• Prove your sustainability performance to your buyers or potential buyers through careful documentation. For instance, you can use a self-assessment like the BSCI Producer Self-Assessment, Sedex’s SAQ and ITC’s Standards Map tool, or a code of conduct such as the BSCI Code of Conduct and the ETI base code.
  • Ask buyers what they are looking for. Especially in the fair trade sector, you can use the story behind your product for marketing purposes.
  • For more information on certifications and how to apply, see our study about buyer requirements on the European HDHT market.
  • Be aware that, while a good sustainability performance can currently be considered as an extra selling point, it may become a requirement in the medium to longer term.

People – social sustainability

The millennial consumer

The millennial consumer will soon be the dominant consumer worldwide. A big chunk (not all!) of this group has climate change as their number 1 concern. Millennials are different in that they are willing to share possessions, rather than owning them. They ‘vote with their wallet,’ purposely buying from brands that make a stand. Diversity is another core issue for this generation. They distrust traditional marketing and rather rely on peer reviews. Clearly, millennials are in search of contributing to a better world (their future) through consumption.

Key questions related to the people side of sustainability can include:

  • How can you improve the social aspects in the cultivation and purchasing of your raw materials (safer, healthier, fairer)?
  • How can you offer staff and workers better working conditions and remuneration?
  • How can you make the physical distribution of your goods more transparent and fairer?
  • How can you help your chain partners to help consumers in using your products longer?
  • How can you design your product to assist the end consumer in responsible disposal at the end of the product’s lifecycle?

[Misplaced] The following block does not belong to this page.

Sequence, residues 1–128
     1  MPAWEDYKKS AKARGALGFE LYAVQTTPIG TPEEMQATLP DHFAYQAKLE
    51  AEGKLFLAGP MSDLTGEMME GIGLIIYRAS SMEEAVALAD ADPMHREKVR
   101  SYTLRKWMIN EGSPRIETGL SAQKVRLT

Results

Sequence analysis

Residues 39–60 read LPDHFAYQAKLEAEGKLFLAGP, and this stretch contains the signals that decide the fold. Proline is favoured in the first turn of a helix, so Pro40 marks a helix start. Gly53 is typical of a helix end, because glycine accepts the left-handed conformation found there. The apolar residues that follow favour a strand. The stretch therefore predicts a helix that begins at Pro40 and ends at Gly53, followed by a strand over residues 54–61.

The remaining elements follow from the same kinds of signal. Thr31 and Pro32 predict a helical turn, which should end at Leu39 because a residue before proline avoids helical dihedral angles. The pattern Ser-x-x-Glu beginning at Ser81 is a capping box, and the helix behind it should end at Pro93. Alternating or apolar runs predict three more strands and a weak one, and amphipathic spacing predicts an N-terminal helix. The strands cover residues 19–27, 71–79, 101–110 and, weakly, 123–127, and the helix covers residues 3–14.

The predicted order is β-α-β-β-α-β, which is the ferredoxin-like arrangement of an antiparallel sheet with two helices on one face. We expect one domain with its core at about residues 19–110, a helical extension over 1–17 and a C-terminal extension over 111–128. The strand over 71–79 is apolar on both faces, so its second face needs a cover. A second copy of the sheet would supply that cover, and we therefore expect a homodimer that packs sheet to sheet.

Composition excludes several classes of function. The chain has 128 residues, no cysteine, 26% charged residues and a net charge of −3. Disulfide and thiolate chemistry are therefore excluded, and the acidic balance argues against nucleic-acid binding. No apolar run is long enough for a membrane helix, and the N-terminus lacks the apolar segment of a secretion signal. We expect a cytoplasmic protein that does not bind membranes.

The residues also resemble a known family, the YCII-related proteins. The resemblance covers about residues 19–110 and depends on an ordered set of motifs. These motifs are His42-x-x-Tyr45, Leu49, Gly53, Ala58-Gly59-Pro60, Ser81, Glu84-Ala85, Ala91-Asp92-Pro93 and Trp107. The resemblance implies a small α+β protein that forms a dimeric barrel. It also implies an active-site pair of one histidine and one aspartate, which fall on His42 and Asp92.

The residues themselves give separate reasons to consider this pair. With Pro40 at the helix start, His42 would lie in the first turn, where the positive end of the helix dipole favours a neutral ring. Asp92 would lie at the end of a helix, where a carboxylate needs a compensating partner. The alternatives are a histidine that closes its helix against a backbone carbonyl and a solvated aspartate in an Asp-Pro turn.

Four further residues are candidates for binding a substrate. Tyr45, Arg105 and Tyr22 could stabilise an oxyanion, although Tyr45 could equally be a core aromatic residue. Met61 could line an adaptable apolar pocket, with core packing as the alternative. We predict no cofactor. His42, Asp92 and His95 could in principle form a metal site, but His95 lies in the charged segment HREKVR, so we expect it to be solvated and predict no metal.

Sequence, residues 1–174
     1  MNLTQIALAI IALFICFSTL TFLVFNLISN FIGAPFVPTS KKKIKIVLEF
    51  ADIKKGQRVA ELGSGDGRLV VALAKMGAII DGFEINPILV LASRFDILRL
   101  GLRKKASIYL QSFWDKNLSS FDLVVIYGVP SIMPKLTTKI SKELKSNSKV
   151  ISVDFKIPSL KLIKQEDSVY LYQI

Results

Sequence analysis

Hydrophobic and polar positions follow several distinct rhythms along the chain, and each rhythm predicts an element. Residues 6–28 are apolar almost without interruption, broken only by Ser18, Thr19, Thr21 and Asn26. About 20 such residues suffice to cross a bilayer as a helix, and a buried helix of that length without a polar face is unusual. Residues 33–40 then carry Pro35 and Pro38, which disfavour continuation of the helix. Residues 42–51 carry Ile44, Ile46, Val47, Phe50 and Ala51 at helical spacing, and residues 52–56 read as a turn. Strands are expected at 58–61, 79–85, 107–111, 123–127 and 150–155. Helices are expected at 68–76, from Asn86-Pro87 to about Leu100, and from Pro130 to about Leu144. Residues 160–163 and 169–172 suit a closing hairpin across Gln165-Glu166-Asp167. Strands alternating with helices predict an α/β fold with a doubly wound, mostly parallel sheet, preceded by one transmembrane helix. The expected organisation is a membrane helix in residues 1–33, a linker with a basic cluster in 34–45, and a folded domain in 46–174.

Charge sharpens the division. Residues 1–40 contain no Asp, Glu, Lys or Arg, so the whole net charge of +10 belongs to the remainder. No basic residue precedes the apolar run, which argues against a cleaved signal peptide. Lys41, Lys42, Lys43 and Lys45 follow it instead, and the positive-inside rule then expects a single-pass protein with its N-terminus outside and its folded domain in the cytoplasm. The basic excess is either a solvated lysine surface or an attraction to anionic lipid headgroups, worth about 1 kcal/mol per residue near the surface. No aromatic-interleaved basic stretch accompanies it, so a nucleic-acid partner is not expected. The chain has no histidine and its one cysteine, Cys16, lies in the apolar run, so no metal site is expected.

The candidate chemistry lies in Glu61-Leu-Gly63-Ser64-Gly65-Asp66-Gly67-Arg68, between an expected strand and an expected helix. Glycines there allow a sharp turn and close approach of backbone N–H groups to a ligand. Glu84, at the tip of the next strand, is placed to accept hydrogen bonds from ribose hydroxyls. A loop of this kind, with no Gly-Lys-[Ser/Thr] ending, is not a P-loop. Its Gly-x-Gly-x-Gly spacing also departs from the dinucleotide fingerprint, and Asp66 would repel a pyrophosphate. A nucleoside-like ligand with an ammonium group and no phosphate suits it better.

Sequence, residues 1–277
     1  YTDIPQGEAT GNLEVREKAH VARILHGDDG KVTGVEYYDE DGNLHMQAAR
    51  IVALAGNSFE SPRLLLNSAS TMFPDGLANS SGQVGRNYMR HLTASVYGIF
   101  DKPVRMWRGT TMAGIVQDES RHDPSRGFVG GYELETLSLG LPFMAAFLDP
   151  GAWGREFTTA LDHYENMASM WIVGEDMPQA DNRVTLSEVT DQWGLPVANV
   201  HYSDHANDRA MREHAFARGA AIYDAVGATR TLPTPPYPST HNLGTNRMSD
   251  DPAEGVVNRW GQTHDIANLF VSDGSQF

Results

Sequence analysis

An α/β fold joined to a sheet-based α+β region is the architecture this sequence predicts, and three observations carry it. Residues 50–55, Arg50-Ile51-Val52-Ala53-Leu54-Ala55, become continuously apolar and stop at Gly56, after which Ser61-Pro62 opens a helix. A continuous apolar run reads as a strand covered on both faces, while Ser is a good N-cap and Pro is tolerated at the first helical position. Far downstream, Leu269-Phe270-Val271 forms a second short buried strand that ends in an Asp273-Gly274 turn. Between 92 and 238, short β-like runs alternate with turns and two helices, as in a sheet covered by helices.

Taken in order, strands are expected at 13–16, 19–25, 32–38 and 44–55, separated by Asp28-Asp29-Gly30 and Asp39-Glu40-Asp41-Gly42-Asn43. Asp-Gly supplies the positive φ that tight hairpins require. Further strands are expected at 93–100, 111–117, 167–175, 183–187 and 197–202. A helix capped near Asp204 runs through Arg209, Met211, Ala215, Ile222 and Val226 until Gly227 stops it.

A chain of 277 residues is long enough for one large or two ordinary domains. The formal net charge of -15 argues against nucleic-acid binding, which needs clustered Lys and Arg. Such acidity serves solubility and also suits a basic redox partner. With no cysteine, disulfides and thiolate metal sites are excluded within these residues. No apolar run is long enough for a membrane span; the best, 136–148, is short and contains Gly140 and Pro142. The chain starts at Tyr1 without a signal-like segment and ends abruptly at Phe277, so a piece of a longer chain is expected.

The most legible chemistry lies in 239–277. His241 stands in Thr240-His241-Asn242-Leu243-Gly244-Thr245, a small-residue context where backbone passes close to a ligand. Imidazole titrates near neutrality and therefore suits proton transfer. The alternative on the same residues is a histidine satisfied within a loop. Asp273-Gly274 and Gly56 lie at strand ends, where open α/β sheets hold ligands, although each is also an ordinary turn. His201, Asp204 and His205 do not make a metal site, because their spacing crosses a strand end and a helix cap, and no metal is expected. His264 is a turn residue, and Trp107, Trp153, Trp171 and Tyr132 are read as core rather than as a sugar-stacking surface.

What do you stand for?

Increasingly, consumers expect businesses to make a stand. The key question is: how do you, as a business, contribute to a better world?

The demand on businesses by consumers has evolved from ‘guilt-free’ buying (”I want to avoid buying products that are bad for the people and the planet”) to a more positive impulse (“what can I contribute?”). There is a willingness to be an active consumer by buying less, ‘greener’ and more ethical and to discuss considerations online and with friends. Today’s attitude is more activist: ‘green-shaming’ means putting pressure on businesses if they are slow to adopt an active stance or make promises they do not (or cannot) keep.


To buy responsibly, and to make sure you are seen to do so by your peer group, has become an important driver of sustainable consumerism. By doing good and receiving recognition for their broadmindedness, consumers feel doubly rewarded. Also, in luxury segments, ‘green’ and status are now important incentives for consumers, which will make sustainability a consumer need in the longer term as well.

Cultural expression

With globalisation comes a greater mix of cultural expressions in HDHT. Consumers are opening up to colours and patterns that come from other cultures and origins, and designers are, often unknowingly, using patterns from material cultures other than their own. At the same time, there is an intense discussion about to what degree this ‘borrowing’ from another culture is appropriate. Linked to this is the authenticity that comes with a handmade product made in a traditional manner.